Sanctions drive imports from Russia to lowest level since records began in 1997, new ONS data finds

Wed 24 Aug 2022
Posted by: Phillip Adnett
Trade News

UK sanctions on Russia drive down trade to lowest level since records began

Imports of goods from Russia to the UK have tumbled to their lowest level since records began in 1997, new government data released today (24 August) has found.

According to an Office of National Statistics (ONS) report on the impact of western sanctions on UK trade with Russia, both imports and exports have experienced a drastic drop-off in recent months.

The UK, EU, US and other allies imposed far reaching sanctions on Russia following its invasion of Ukraine in February.

Exports

The value of goods exported to Russia from the UK rose slightly in June to £83m – this number being attributed to medicinal and pharmaceutical sales which are exempt from sanctions – but overall exports remain low.

When compared to the monthly average for the 12 months before the Russian invasion of Ukraine in late February 2022, the value of goods exported to Russia fell by 66.9% (£168m.)

According to Sky News, there has been a significant drop in exports of most commodities, with machinery and transport equipment among the worst affected, falling by 91%.

Imports

Imports of goods into the UK from Russia fell to £33m in June, driven partly by a complete drop off in purchases of fuel.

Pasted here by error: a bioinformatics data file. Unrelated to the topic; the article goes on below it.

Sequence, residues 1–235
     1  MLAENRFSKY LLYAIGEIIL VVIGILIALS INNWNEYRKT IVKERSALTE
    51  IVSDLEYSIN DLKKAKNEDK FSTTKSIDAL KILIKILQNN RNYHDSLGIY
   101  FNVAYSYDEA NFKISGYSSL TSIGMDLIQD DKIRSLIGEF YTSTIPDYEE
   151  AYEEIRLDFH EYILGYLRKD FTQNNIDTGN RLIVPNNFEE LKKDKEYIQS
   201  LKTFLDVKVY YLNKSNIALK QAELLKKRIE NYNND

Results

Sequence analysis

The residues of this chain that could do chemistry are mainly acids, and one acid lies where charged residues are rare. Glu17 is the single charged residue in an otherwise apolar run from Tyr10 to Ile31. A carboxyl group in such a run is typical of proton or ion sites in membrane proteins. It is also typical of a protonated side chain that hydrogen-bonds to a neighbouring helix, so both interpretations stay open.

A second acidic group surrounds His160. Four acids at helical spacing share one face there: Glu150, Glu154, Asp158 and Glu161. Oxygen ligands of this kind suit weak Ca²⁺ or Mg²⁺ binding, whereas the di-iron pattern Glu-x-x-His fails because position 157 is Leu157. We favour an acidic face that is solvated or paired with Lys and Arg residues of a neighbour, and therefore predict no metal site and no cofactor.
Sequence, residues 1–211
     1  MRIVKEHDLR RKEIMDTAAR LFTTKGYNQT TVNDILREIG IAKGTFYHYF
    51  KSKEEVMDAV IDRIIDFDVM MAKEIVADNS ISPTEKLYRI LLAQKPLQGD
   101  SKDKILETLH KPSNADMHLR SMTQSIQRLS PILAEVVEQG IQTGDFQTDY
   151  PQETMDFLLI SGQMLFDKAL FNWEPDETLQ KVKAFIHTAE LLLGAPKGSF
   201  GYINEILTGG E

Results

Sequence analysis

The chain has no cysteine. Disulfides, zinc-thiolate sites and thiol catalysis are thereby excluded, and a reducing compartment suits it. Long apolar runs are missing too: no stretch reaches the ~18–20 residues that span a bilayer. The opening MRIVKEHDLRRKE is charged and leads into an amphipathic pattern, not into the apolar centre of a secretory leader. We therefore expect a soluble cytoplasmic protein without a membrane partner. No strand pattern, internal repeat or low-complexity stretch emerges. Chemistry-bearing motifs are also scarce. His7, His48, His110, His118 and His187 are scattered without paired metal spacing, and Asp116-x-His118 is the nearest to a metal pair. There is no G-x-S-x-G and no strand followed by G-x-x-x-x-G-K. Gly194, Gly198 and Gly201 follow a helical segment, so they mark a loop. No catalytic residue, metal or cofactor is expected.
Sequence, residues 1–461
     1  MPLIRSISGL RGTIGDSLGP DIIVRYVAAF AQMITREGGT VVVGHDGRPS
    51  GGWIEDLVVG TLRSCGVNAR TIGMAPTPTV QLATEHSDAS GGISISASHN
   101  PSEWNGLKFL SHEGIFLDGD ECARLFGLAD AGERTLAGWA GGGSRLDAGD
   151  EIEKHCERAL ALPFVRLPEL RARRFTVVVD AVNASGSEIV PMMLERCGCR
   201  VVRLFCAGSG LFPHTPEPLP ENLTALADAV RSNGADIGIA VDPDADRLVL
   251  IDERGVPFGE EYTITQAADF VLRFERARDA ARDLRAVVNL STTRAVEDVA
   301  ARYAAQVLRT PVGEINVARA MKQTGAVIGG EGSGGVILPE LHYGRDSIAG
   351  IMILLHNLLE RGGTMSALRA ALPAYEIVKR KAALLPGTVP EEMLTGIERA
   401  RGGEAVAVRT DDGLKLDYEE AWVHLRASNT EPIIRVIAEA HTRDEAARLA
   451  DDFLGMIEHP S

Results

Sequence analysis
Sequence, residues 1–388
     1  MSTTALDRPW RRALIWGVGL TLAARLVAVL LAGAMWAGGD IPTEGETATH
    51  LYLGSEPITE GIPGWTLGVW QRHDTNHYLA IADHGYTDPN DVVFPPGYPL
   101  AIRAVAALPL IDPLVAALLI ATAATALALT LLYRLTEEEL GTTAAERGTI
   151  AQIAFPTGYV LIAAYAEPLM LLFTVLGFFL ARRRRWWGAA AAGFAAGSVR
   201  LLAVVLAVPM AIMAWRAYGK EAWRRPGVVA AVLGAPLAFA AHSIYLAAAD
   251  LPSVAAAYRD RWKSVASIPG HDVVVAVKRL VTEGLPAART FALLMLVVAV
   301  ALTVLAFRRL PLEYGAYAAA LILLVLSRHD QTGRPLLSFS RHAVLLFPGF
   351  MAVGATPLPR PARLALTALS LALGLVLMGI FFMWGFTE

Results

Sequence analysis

The data found that June was the first month since records began that the UK imported no fuel from Russia, with the UK government having previously promised to phase out imports of Russian oil in favour of other sources.

Overall, this represented a 96.6% drop in total imports compared to the average monthly imports across the 12 months to February 2022.

In 2021, before the war in Ukraine, Russia was the UK’s single largest supplier of refined oil, reports the Independent.

Traders self-sanctioning

According to the ONS, a key driver of the fall in trade was traders ‘self-sanctioning’ – voluntarily looking for alternatives to Russian goods even when there were no formal export controls in place for the items in question.

Roger Arthey, chair of the IOE&IT’s Export Control Profession told the IOE&IT Daily Update that the ONS figures “indeed suggests that the reductions are likely to have been driven by the economic sanctions, combined with self-sanctioning.”

“However, what this information does not reveal is the magnitude of the impact of these reductions on the businesses which normally trade with Russia, or the overall effect on the economy of the UK as a whole,” he added.

Sanctions avoided

Politico reports warnings from Western diplomats that Russia is planning to use Iran as a ‘backdoor’ to circumvent Russian sanctions.

Turkey has also doubled its imports of Russian oil this year, with general trade between the two countries seeing a sizeable increase, according to Reuters.

IOE&IT support

The IOE&IT is working directly with government to ensure traders have access to information and advice about the sanctions the UK has imposed on Russia.

The IOE&IT continues to update its members on the latest news through the Daily Update and hosted a free ‘How to comply with sanctions on Russia’ webinar in March.

For more information about the IOE&IT’s support around Russia sanctions, click here.